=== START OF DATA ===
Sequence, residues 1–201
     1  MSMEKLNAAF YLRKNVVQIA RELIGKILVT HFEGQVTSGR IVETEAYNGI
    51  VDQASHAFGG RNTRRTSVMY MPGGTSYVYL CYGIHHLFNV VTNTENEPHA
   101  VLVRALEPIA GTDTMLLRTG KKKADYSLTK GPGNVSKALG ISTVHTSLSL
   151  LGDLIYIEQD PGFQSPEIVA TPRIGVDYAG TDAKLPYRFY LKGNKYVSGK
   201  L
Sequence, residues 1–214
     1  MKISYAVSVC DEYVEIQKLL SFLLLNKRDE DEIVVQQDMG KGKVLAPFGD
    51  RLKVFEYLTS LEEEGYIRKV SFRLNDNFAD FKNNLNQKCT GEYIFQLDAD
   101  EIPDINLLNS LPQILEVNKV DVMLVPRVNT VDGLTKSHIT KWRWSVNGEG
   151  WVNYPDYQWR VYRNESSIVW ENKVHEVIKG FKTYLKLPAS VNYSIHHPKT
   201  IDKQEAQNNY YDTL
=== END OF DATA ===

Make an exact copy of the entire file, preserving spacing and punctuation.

Sequence, residues 1–201
     1  MSMEKLNAAF YLRKNVVQIA RELIGKILVT HFEGQVTSGR IVETEAYNGI
    51  VDQASHAFGG RNTRRTSVMY MPGGTSYVYL CYGIHHLFNV VTNTENEPHA
   101  VLVRALEPIA GTDTMLLRTG KKKADYSLTK GPGNVSKALG ISTVHTSLSL
   151  LGDLIYIEQD PGFQSPEIVA TPRIGVDYAG TDAKLPYRFY LKGNKYVSGK
   201  L
Sequence, residues 1–214
     1  MKISYAVSVC DEYVEIQKLL SFLLLNKRDE DEIVVQQDMG KGKVLAPFGD
    51  RLKVFEYLTS LEEEGYIRKV SFRLNDNFAD FKNNLNQKCT GEYIFQLDAD
   101  EIPDINLLNS LPQILEVNKV DVMLVPRVNT VDGLTKSHIT KWRWSVNGEG
   151  WVNYPDYQWR VYRNESSIVW ENKVHEVIKG FKTYLKLPAS VNYSIHHPKT
   201  IDKQEAQNNY YDTL